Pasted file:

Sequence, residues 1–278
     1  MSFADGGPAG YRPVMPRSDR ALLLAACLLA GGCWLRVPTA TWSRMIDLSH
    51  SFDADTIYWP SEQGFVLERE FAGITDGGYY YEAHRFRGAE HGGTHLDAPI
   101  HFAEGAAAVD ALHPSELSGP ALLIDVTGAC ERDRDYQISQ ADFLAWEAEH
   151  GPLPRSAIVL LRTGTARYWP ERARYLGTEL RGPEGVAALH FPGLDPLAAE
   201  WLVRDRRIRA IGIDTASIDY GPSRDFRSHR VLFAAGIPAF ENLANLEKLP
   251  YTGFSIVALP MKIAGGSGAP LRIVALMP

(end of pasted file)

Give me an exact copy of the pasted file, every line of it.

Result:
Sequence, residues 1–278
     1  MSFADGGPAG YRPVMPRSDR ALLLAACLLA GGCWLRVPTA TWSRMIDLSH
    51  SFDADTIYWP SEQGFVLERE FAGITDGGYY YEAHRFRGAE HGGTHLDAPI
   101  HFAEGAAAVD ALHPSELSGP ALLIDVTGAC ERDRDYQISQ ADFLAWEAEH
   151  GPLPRSAIVL LRTGTARYWP ERARYLGTEL RGPEGVAALH FPGLDPLAAE
   201  WLVRDRRIRA IGIDTASIDY GPSRDFRSHR VLFAAGIPAF ENLANLEKLP
   251  YTGFSIVALP MKIAGGSGAP LRIVALMP